Modern teachers face a bewildering array of technological options – finding which ones are effective is a big challenge.

Earl Stevick’s model for effective learning  advocates  concentrated, intuitive, onerous and rational teaching methods combined with kindness and understanding.

These principles require educators to look at learners as individuals rather than as an anonymous target group.

On the face of it,  distance learning via the internet cannot hope to meet these challenging demands but I came away from my first experience of a web-based seminar feeling quite positive about its potential as a resource to supplement traditional classroom methods.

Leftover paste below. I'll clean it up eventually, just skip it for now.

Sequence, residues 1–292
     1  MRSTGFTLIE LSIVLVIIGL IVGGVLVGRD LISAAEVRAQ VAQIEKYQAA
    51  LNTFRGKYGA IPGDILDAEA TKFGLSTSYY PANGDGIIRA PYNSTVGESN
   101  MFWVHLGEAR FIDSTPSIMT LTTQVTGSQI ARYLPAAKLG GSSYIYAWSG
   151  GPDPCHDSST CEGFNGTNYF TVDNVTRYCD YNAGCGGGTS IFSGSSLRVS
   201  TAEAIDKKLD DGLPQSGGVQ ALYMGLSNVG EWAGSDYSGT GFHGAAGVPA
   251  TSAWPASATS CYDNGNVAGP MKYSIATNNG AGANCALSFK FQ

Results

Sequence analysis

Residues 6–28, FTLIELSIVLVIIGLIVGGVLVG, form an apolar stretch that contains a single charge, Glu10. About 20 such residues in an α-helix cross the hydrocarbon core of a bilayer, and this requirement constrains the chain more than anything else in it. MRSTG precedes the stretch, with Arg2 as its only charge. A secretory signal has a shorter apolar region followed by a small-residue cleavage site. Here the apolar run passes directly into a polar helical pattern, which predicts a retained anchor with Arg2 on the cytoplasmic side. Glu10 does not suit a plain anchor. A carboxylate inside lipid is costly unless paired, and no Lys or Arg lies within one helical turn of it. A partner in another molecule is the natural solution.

These online presentations go under the hateful heading of  ‘webinars’, a portmanteau word I detest. The one I participated in was run by Oxford University Press  on the topic of teaching academic speaking skills to students learning English as a foreign language.

The experience was as interesting for the contributions of the other participants in the message board as it was for the input by the teacher. In a way I guess this mirrors how interactions work face to face – group dynamics are such that the student to student connection is often as vital as that between teacher and student.

It made me look critically at my teaching style and I realise I’d like to explore ways of being more of a facilitator than an instructor.

Have you participated in a ‘webinar‘?  If so, what were the pros and cons for you?

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